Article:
The House passed legislation tweaking public servants’ working hours, proposed by the Transport Ministry to alleviate traffic congestion in urban centres during rush hour.
According to the changes, civil servants can now report to work from 7 am-8.30 am and sign off between 2.30 pm – 4 pm.
MPs also raised the issue of a possible extension of public servants’ working hours to serve the public in the afternoon better and the need to strengthen public transport.
Civil servants will be given, where possible, the opportunity to clock in within one hour from the time they will state as their preferred arrival time.
Furthermore, the deduction of an employee’s outstanding working time from their remuneration or annual leave will be made at the end of the calendar year instead of fortnightly, as is currently the case.
The proposed extension of working hours in the public service aims to contribute to the reduction of traffic observed during the hours that civil servants drive to work or return home at the end of their working day.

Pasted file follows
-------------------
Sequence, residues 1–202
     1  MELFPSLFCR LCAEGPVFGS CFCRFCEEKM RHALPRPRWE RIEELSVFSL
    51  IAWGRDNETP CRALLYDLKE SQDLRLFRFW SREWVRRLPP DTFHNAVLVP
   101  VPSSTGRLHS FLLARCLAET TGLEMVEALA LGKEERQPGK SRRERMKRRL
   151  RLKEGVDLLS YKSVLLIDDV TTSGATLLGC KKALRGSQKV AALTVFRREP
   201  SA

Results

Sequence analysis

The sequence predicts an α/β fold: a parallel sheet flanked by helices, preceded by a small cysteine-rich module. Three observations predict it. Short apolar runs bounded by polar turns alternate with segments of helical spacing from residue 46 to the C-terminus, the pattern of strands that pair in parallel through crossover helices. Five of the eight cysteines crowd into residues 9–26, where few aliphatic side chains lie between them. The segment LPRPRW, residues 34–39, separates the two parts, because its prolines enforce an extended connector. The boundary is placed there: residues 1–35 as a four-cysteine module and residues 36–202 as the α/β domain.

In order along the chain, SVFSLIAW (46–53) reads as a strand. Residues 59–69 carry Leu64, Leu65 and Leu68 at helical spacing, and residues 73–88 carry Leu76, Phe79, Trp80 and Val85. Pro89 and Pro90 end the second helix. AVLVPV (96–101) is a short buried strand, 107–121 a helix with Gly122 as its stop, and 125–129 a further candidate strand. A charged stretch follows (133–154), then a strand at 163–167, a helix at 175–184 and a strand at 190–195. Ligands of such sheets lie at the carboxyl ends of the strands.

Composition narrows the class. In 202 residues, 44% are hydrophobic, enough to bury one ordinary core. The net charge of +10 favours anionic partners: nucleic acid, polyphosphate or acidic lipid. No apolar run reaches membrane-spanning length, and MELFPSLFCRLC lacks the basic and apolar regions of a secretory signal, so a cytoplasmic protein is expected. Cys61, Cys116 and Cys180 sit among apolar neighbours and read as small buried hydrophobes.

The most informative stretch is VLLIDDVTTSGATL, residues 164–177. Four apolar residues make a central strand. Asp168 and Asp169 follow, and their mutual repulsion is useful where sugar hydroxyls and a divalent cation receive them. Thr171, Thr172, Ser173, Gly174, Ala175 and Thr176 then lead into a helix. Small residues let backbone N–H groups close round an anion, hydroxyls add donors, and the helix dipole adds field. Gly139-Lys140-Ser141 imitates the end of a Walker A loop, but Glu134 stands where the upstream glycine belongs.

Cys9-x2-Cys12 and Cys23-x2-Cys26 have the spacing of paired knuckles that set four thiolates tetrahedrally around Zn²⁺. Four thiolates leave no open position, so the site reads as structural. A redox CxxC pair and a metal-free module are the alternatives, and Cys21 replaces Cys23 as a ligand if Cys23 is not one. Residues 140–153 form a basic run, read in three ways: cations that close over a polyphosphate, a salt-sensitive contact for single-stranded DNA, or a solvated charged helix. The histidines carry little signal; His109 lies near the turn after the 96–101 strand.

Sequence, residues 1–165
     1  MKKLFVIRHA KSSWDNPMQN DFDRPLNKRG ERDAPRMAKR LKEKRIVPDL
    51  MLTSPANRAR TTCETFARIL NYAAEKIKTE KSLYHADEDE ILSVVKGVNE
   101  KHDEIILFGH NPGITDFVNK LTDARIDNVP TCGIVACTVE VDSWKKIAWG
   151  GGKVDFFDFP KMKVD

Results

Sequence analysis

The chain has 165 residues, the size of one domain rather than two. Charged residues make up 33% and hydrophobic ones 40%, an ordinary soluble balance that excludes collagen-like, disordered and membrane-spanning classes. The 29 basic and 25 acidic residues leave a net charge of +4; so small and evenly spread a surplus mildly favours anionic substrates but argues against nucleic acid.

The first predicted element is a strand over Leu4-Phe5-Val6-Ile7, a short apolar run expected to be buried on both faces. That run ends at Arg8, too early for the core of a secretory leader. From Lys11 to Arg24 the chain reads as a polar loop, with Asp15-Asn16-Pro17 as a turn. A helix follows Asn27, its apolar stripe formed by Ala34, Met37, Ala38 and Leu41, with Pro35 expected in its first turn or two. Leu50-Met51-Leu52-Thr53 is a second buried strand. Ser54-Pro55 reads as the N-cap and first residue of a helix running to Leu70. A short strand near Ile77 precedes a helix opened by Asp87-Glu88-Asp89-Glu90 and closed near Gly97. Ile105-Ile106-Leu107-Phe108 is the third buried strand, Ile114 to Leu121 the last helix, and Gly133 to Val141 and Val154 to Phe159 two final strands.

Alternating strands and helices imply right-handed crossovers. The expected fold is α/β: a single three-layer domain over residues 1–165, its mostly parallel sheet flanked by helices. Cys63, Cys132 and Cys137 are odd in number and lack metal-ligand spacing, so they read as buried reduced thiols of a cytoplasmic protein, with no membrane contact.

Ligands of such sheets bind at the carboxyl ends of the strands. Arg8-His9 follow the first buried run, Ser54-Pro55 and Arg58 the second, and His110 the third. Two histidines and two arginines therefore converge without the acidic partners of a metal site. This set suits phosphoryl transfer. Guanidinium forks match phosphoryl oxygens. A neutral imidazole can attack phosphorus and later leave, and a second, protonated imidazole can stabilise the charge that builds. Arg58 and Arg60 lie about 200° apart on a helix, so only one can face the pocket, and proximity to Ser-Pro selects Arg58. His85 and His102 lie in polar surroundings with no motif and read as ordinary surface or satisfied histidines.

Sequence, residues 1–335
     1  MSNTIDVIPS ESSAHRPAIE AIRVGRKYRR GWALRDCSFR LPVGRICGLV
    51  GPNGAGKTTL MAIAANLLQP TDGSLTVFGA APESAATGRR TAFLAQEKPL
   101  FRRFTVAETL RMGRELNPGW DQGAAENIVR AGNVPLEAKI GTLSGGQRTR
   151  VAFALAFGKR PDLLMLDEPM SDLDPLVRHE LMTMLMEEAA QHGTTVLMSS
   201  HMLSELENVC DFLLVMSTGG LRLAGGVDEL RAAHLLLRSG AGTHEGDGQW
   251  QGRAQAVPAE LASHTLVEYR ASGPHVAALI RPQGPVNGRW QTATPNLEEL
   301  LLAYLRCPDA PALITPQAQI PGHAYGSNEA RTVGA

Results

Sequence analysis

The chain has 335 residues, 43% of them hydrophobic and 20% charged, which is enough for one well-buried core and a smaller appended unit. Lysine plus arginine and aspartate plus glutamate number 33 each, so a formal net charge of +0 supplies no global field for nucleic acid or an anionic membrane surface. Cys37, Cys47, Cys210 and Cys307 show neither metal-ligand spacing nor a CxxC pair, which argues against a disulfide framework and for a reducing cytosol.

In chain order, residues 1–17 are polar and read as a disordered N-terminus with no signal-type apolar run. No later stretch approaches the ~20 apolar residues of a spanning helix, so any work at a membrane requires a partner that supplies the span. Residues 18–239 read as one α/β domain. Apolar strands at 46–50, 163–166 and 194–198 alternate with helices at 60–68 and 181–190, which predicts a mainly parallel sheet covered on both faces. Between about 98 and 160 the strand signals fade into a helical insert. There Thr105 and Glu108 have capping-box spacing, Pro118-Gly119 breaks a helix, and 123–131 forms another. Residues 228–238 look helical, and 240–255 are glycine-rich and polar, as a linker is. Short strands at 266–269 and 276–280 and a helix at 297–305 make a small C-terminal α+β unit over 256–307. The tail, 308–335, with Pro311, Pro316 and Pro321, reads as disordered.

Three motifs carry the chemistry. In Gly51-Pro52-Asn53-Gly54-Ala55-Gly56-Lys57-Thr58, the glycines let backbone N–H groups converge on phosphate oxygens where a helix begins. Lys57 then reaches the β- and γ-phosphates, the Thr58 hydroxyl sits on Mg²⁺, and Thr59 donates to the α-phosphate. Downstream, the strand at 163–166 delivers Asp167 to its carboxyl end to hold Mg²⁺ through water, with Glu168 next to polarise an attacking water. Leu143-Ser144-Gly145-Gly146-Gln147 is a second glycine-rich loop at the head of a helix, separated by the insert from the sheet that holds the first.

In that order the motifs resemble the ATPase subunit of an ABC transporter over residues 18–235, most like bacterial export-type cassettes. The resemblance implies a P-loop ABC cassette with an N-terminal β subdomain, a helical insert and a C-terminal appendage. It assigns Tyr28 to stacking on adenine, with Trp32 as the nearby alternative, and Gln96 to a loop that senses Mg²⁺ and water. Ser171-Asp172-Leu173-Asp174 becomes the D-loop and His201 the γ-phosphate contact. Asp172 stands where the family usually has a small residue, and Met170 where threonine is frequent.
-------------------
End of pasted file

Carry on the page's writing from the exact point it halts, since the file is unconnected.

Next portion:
With the tweaking of hours, the traffic caused by civil servants is expected to ease.
Chair of the House Finance Committee, DIKO MP Christiana Erotokritou, emphasised the government provided reassurances that flexible working hours will not compromise the quality of services offered to the public.
Green MP and leader Charalambos Theopemptou said this arrangement would slightly lighten traffic on the roads but wants to see the government encourage public transport, walking and cycling.
Assistant Professor at the Department of Civil and Environmental Engineering of the University of Cyprus, Dr Loukas Dimitriou, said the state should promote “micro-mobility”, encouraging people to walk more and use bicycles.
He advocates improving public transport rather than building more roads to solve the traffic problem.
“The more roads we build, the more we encourage people to buy cars,” said Dimitriou.
He called for “bolder action” to decongest traffic, such as encouraging working from home.